This article was published in 2019, in Magazine 145.
Tom McKeown explores how the Netherlands became home to the world’s happiest car users
Suggestions for improvements to roads for cycling are frequently countered by the impact it will have on people’s ability to drive. Indeed, media exposure of Camcycle’s ideas is often met with accusations that we are anti-car. Is there any truth to this?
The Netherlands is held as the gold standard for cycling culture. In the UK, cycling advocates frequently call for Dutch-style infrastructure or hold ‘Go Dutch’ campaigns. So taking the view that transport choice is a zero-sum game one might assume this cycle-utopia is hell-on-wheels for motorists.
Yet, this doesn’t appear to be the case. Data from 2016 show car ownership in the Netherlands to be comparable with the UK: 579 cars owned per 1,000 people in the UK, versus 559 cars owned per 1,000 people in the Netherlands. If cycling makes car driving so difficult it’s odd that so many Dutch retain ownership of one. Kilometres per head driven tells a similar story: using 2015 data 13,177 annual km per capita in the UK, as against 13,022 annual km per capita driven in the Netherlands. This difference is so slight we might write it off as statistical noise.
It’s not just numbers: Dutch drivers themselves tell us they are happy. In 2016 the route-finding app Waze conducted a driver satisfaction survey, yielding a score out of 10 for 38 countries with more than 20,000 monthly active users. Highest in that ranking with 7.54 out of 10 was the Netherlands, with the UK down in 17th place with 5.73 out of 10.
So how does Dutch cycling culture work with driving? Why is it not, as the fear mongers suggest, anti-car?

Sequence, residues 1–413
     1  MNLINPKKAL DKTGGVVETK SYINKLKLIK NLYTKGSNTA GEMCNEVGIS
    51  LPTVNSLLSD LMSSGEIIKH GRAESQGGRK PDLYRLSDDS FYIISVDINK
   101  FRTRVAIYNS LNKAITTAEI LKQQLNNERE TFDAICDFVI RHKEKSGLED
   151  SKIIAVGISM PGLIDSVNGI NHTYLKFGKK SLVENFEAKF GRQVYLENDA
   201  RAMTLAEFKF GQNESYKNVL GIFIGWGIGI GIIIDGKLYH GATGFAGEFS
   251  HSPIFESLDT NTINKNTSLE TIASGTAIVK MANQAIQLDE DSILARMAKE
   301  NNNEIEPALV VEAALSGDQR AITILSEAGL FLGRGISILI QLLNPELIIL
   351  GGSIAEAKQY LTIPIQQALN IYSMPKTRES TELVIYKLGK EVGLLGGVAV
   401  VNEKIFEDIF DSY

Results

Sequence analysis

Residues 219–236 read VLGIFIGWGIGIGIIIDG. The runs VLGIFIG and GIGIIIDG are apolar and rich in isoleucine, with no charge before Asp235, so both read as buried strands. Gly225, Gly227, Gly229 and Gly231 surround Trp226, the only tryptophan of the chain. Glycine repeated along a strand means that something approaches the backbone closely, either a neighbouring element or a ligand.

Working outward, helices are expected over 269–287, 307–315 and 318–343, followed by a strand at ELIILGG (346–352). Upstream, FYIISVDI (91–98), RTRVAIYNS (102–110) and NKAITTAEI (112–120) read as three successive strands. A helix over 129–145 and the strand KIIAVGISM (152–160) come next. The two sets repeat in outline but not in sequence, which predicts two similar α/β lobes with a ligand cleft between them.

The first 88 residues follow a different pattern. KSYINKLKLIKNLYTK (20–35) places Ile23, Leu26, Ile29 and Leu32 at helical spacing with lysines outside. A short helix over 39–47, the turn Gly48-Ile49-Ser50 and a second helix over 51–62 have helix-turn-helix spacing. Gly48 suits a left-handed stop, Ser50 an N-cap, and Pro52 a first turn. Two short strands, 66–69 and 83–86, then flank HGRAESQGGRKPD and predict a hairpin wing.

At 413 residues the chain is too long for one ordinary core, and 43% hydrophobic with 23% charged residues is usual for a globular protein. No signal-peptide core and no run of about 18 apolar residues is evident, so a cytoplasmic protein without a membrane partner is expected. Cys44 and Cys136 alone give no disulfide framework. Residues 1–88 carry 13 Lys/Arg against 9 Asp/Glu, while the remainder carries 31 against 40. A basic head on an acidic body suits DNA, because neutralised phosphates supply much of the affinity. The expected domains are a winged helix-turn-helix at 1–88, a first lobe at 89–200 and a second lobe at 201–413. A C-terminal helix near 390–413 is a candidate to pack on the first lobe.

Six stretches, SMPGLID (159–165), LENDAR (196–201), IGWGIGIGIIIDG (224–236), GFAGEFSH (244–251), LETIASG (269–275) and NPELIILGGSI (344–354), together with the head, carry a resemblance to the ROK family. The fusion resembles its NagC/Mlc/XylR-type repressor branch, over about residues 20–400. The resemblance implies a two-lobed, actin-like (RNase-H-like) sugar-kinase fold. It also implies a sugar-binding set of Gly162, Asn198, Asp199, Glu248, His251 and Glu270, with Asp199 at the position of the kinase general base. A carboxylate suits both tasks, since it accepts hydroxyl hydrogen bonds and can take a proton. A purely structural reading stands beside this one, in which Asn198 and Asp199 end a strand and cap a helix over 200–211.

With cycle routes away from the motor vehicle carriageway, drivers experience far fewer interactions with cyclists along the same road space – typically just the start and end of a journey, where residential or retail streets are too narrow for full separations. This means there is less opportunity to be held up behind a slow rider. Drivers are rarely inconvenienced by cyclists for very long, which reduces frustration. Where it does happen it is in a context where lower vehicle speeds would be expected anyway.
This is also true for trunk roads between urban areas. The prevalence of long-distance cycle routes alongside trunk roads keeps the drivers and riders separate. When driving you are not held up behind slower riders. Frequently these paths are of a standard suitable for agricultural vehicles to use too – obviously taking care around cyclists – not being held up behind tractors is a further benefit to motorists.
Of course the ease of making trips by cycle allows many to leave their car at home. Keeping trips off the road makes them less congested for those who still drive. When they do drive the Dutch employ other congestion-busting measures. Issues on strategic routes are clearly communicated to drivers on the road: not with the often cryptic (‘Closed at junction 9’) overhead messages on our motorways, but with digital maps clearly identifying the location and highlighting alternative routes.
Merges are frequently designed out of Dutch roads. At roundabouts or large intersections each direction has a single entry and exit. Moving to the correct lane for a destination can often be done before a junction is entered. This separates a driver’s mental load for navigation from negotiating the junction. On exiting there is no squeezing of multiple queuing lanes back down to one that can easily add to a UK driver’s stress level. On roundabouts we hear of this design as ‘turbo roundabouts’, a Dutch design for efficient movement of motor-vehicles, not as cycling improvement as suggested for Bedford’s poor version of this idea. Cyclists are kept safe on separate crossings of the arms away from the circulation of the roundabout, or by grade separation on busier roads; using a flyover or underpass places cyclists on a different level than the motor-vehicle carriageway.